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Ultrasound undergoes refraction and reflection at interfaces between media of different acoustic refractive indices. The most common ultrasonic method (pulse-echo) monitors the reflected energy to infer the presence of flaws, whereas the lower amplitude of refracted signals is ignored. When the reflector is orientated normally with respect to the ultrasonic beam, the received echo signal shows the maximum amplitude. The pulse-echo method also relies on monitoring the amplitude of the backwall echo to identify or confirm the presence of defects. This works well for parts with constant thickness and with planar backwalls. Unfortunately, parts with complex backwalls are common to many industrial sectors. For example, applications such as aerospace structures often require parts with complex shapes. Assessing such parts reliably is not trivial and can cause severe downtime in the aerospace manufacturing processes or during in-service inspections. This work aims to improve the ultrasonic inspectability of parts with complex backwalls, through sending ultrasonic beams from the frontwall side. Ultrasonic phased array probes and state-of-the-art instrumentation allow ultrasonic energy to be sent into a part at wide ranges of focusing depths and steering angles. This allows for tracking of the backwall profile, thus hitting it normally and maximising the amplitude of the reflected echo at any point. However, this work has shown that a cross-sectional scan resulting from multiple ultrasonic beams, which are sent at variable incidence angles, can present significant geometrical distortion and cannot be of much use for accurate defect visualisation and sizing. This paper introduces a generalised algorithm developed to remove geometric distortions and the effect that variable refraction coefficients have on the transmitted and received amplitudes. The algorithm was validated through CIVA simulations for two example parts with complex backwalls, considering isotropic materials.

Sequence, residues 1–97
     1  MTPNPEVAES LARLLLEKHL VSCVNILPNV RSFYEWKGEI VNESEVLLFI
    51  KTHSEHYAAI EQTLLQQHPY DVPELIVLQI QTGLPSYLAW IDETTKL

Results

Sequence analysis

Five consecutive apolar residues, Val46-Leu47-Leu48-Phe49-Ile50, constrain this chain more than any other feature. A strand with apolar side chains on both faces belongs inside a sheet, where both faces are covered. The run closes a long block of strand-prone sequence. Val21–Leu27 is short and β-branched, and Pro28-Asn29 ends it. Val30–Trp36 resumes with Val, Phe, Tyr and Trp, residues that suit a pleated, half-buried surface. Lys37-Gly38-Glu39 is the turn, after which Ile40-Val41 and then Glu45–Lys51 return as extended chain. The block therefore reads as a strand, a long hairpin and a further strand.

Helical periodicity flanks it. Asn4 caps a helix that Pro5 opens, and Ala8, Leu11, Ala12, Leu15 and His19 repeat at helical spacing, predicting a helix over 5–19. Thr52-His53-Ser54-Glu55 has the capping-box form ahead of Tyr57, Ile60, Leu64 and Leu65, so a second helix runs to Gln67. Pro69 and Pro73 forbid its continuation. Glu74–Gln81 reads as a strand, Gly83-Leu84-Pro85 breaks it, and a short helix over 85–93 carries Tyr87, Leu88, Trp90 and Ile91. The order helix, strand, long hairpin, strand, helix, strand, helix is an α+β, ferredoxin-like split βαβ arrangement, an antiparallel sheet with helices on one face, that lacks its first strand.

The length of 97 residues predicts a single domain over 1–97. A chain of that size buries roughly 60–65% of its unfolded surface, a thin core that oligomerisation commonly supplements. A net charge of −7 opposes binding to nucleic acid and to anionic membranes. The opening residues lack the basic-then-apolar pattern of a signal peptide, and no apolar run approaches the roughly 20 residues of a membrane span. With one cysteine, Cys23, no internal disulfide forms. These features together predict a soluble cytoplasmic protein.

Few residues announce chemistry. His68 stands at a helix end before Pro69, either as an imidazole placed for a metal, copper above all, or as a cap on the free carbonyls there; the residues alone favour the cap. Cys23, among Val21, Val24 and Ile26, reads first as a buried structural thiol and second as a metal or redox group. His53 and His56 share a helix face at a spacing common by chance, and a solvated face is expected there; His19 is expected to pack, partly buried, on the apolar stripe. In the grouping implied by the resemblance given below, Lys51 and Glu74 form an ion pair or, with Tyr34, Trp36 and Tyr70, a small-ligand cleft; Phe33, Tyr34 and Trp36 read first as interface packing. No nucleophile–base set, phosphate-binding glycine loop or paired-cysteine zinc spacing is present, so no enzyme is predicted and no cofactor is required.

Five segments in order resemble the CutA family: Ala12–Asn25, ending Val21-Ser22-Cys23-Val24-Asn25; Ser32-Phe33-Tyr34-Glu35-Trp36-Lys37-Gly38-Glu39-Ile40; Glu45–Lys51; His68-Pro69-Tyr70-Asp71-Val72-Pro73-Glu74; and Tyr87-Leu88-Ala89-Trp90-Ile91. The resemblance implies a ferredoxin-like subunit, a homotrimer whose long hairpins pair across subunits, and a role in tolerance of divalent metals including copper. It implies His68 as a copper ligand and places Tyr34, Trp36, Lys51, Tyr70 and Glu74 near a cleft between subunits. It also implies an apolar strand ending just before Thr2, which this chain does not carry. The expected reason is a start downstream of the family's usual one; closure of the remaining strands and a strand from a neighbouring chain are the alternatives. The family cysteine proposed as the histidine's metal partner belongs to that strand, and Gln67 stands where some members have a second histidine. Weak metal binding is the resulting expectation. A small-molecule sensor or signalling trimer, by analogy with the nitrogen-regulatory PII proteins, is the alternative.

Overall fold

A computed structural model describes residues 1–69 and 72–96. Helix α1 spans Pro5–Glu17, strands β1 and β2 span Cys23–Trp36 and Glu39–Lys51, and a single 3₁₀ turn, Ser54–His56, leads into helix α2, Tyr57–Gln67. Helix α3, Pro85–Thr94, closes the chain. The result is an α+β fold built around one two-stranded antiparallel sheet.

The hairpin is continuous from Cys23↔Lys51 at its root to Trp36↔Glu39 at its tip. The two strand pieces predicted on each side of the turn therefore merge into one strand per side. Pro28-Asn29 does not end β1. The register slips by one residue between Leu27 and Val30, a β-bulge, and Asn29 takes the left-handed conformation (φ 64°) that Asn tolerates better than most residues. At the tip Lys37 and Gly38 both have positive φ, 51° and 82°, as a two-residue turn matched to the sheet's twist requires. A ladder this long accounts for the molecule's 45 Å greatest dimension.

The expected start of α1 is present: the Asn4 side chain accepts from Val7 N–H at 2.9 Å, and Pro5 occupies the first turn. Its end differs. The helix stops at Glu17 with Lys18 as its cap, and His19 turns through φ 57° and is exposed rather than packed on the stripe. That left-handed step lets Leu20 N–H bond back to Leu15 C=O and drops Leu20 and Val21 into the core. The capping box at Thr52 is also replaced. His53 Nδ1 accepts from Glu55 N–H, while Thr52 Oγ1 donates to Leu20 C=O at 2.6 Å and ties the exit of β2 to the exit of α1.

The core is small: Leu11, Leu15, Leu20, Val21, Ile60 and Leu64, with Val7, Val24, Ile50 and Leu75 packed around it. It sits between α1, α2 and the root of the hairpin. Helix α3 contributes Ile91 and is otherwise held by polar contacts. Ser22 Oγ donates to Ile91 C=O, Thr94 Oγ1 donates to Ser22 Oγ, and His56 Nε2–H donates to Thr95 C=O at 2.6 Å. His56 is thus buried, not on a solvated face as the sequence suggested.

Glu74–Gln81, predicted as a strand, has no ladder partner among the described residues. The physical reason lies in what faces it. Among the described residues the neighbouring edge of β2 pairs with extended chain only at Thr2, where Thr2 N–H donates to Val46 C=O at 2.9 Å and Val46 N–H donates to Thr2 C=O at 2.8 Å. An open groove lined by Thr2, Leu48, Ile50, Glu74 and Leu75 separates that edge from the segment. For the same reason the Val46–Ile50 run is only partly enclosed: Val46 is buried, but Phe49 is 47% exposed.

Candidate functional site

|Number of pages||8|
|Journal||Insight: The Journal of the British Institute of Non-Destructive Testing|
|Publication status||Published - 1 Apr 2020|
- ultrasonic imaging
- complex geometries
- data visualization